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Gaius vs Caius

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Originally there was no "G" or "U" in the Latin alphabet, or lower-case letters, so the earliest form of that praenomen was "CAIVS". Later when "G" was added to the alphabet, "GAIVS" became an alternate spelling, but both praenomina were still most commonly abbreviated with a "C". Same with the praenomina "CNAEVS" and "GNAEVS", with both being most commonly abbreviated with a "CN."


Pronunciation had much to do with the addition of the "G" to the Latin alphabet, but that's something I'll leave to the language mavens on this board.


-- Nephele

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While I don't have any sources on here, the later addition of the 'G' to the alphabet probably relates to speakers creating a voiced /g/ (represented by 'G') counterpart to the voiceless /k/ (represented by 'C'). I don't recall how common the /g/ sound was in Old Latin, and I don't have my sources here, so I'll defer this to someone else. But that's what I see with that addition.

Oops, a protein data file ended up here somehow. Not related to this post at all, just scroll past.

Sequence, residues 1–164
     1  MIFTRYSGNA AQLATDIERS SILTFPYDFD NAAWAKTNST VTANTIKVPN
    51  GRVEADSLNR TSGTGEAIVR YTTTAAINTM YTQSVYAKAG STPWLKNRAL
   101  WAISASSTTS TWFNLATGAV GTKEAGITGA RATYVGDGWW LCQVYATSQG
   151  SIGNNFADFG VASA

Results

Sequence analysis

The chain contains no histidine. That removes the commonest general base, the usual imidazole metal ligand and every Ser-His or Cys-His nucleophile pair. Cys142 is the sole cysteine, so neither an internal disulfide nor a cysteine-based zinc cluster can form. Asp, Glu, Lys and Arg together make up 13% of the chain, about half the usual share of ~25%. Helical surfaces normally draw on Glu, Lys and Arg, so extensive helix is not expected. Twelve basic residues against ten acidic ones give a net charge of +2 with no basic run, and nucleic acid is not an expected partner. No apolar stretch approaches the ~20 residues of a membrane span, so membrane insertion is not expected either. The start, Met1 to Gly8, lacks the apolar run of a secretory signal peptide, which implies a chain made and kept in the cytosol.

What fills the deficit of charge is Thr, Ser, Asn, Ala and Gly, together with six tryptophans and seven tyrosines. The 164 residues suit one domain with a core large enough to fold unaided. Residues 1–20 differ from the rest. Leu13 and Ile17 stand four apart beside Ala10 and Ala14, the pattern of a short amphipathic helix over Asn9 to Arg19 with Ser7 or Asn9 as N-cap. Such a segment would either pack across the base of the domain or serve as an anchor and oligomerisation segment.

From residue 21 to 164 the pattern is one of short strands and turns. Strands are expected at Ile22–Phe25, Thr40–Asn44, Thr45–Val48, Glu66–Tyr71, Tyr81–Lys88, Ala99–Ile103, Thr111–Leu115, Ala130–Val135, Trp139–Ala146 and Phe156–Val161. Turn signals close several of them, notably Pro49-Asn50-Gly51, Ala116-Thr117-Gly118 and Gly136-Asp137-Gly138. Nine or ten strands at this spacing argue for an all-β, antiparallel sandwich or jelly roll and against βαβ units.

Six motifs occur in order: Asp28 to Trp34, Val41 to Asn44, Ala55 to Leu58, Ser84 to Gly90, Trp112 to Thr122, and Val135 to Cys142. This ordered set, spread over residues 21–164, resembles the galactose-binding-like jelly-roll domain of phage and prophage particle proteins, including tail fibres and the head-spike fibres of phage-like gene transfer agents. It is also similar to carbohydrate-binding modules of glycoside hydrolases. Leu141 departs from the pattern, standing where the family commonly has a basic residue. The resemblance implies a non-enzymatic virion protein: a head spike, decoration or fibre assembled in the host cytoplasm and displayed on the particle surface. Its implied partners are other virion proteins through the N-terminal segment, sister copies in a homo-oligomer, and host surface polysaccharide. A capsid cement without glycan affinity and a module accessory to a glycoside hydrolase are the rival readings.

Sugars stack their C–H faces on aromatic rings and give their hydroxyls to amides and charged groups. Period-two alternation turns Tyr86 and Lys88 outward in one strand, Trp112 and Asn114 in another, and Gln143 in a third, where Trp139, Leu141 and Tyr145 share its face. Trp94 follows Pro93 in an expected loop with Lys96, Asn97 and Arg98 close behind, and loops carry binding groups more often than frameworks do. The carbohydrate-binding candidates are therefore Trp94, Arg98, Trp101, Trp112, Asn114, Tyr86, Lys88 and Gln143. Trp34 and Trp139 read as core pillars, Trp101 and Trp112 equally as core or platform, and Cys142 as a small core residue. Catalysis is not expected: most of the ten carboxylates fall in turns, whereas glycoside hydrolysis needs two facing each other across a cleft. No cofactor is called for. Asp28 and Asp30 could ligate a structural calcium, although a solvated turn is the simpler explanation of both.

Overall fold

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I'll just add to the excellent explanations given by Nephele and the doc. Plutarch makes mention of the instroduction of G into the Latin alphabet:


Plutarch, Roman Questions, No. 54


"For C and G have a close relationship in Latin, and it was only after many years that they made use of G, which Spurius Carvilius introduced."


According to William Smith, Carvilius did this in the "beginning of the sixth century of the city". Smith also says:


Dict. Bio & Myth, p. 196:


"Caius was undoubtedly the original spelling, used at a time when the letter C, which occupies in the Roman alphabet the place of Gamma in the Greek, had, in some cases, the power of Gamma. Caius was always pronounced Gaius..."

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